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What Are The 6 Key Components of Financial Planning?

What Are The 6 Key Components of Financial Planning?

August 12, 2021

The traditional description of holistic financial planning looks at all these areas of your financial Life:

  1. Cash flow and net worth.
  2. Risk protection strategies.
    1. Property casualty.
    2. Life insurance.
    3. Health insurance.
    4. Long-term care insurance.
  3. Wealth accumulation strategies.
  4. Tax-smart investing strategies
  5. Retirement income planning.
  6. Estate planning strategies

 KEY COMPONENTS OF FINANCIAL PLANNING

What Is The First Step in Financial Planning?

Step 1: Set Goals

I always recommend my clients start by clarifying their financial goals. I encourage families to think about which goals will happen when. Specifically:

  • What’s your most important financial goal for the next 6 months?
  • What’s your most important goal in the next year?
  • What’s your most important goal for the next three years?
  • What is your most important goal for years three to five?
  • What’s your most important goal for years five to 10?
  • What’s your most important goal for more than 10 years from now?

With your goals in hand, I begin to work through the six areas of your financial life to examine how you are doing and what might be improved.

Step 2: Understand Where You Stand Now

Specifically, understand cash flow and net worth. This lets you see what you have in place now, how much money comes in each month and what you spend it on today. Once you know where you stand you can consider what you will adjust to move closer to your next important goal.

Step 3: Risk Protection

Next, we move to risk protection strategies to be sure you are adequately prepared for the certainty that something unlikely will happen. Risk protection is all about preparing for bad events that you hope will never happen. The reason to be prepared is that the bad things are bad enough to blow up your important financial goals – if they happen.

Specifically, the risk protection areas I try to consider include:

  • Home and Auto insurance.
  • Life insurance.
  • Health insurance.
  • Long-term care insurance.

Step 4: Wealth Accumulation

Next, we look at your savings and investment strategy. Specifically:

  • How much are you saving? Is it enough?
  • What do you own in your investment accounts?
    • Are you in the right segments of the market?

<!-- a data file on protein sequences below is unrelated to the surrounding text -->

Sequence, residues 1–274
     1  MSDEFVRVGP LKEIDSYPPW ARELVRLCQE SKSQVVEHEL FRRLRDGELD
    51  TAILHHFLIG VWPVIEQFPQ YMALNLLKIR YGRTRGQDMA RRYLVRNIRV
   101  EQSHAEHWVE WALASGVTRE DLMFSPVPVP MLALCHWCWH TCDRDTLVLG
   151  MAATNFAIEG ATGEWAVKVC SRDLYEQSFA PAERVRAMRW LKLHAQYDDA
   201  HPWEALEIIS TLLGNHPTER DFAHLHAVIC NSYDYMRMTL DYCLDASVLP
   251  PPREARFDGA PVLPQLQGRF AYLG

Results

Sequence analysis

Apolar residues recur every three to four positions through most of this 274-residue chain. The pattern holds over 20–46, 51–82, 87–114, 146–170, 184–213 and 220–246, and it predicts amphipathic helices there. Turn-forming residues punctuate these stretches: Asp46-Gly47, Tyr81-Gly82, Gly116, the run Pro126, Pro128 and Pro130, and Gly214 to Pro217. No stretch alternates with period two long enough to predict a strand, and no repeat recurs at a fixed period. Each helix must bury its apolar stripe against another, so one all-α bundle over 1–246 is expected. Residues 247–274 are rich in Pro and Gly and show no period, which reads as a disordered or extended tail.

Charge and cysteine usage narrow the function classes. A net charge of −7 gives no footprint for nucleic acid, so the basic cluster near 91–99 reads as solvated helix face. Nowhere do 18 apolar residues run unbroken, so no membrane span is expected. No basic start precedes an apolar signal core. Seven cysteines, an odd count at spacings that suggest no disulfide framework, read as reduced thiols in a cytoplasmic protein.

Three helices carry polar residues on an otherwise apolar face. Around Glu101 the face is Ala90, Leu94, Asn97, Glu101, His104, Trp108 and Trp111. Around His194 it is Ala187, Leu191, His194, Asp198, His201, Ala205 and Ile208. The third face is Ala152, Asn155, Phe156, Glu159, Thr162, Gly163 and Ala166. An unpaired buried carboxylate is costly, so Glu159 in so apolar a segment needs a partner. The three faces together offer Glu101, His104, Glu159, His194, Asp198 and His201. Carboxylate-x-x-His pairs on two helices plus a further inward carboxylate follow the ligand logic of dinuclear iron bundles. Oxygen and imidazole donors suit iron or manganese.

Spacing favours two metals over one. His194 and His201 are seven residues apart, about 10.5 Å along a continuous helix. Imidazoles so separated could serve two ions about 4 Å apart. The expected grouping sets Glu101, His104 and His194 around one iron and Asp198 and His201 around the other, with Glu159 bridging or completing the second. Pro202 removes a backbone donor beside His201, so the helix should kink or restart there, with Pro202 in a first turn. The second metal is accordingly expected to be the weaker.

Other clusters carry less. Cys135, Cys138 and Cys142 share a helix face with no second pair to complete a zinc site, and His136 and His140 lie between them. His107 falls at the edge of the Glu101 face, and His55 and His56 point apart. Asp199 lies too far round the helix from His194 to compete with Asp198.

• Are your various investments appropriately balanced?
    • Do you rebalance to your target allocation consistently?
  • Are you on track to accumulate enough to meet your goals?
  • What should you adjust to make things better?

Step 5: Tax-Smart Investing

We look at the tax strategy of your investments.

  • Can you own the same investments in different accounts and improve your tax situation?
  • Can you reduce your current tax burden?
  • Can you reduce your future tax burden?
  • How will taxes effect your distributions and retirement income planning?
  • Will estate taxes be an issue for your family?

Step 6: Planning for Retirement Income

We look at sources of income and the timing of that income. Specifically:

  • What income do you have in place today? Is it guaranteed? How long will it last?
    For example, Social Security is guaranteed by the US Government to last for as long as you live and currently increases with inflation.
  • What expenses will change for you in retirement?
  • How will you generate rising income to keep ahead of inflation in retirement?

Step 7: Estate Planning

All families need basic estate documents. Some families need more complex planning. Basic estate documents include:

  • Last will and testament
  • Financial power of attorney
  • Living will and health care directive
  • Healthcare power of attorney

In some cases, families need more complex planning like:

  • Planning for minor children
  • Planning for heirs with special needs
  • Planning to eliminate estate tax liability
  • Planning to support valued charities

You can see that holistic financial planning is pretty involved. I recommend you find a trusted, professional fiduciary to help you. A great place to start looking for that person is to talk with a couple CERTIFIED FINANCIAL PLANNER™ professionals.

To find a CFP® professional near you, start your search here.

As you visit with financial planners, I suggest a couple things to check:

  • Is the advisor always the client’s advocate – a fiduciary advisor?
  • Is the advisor only paid by clients, not any financial product manufacturer or distribution network? That would be a fee-only advisor.

These two points help assure that you are working with a professional who is committed to your best interest at all times. It seems sort of obvious to me that a professional would work in this way, but it’s not automatic.

A fiduciary, fee-only, CFP® professional can help you make great retirement income choices and develop a comprehensive financial plan that is driven by your goals and priorities and addresses all aspects of your financial life. With a big-picture approach, you will be better prepared to understand your options at every step along the way.

Yes, I am a CFP® professional. I’m always a fiduciary and I work on a fee basis. And yes, I’m still taking on a few great families to be part of my financial planning practice.

If you would like to talk with me about your situation, follow this link to find a time for us to talk.

If this article has you thinking about your own circumstances, contact my office at rdunn@dunncreekadvisors.com. I am always happy to meet with people who are working on their retirement plans. Dunncreek Advisors does not provide legal or tax advice, nor is this article intended to do so.